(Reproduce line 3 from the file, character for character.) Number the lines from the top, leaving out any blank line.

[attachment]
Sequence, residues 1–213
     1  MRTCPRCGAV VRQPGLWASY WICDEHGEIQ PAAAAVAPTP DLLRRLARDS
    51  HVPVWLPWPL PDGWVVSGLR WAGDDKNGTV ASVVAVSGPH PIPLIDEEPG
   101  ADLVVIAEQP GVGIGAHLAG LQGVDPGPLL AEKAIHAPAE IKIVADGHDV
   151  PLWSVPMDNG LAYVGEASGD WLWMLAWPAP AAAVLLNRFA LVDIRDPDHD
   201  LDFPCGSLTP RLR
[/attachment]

    51  HVPVWLPWPL PDGWVVSGLR WAGDDKNGTV ASVVAVSGPH PIPLIDEEPG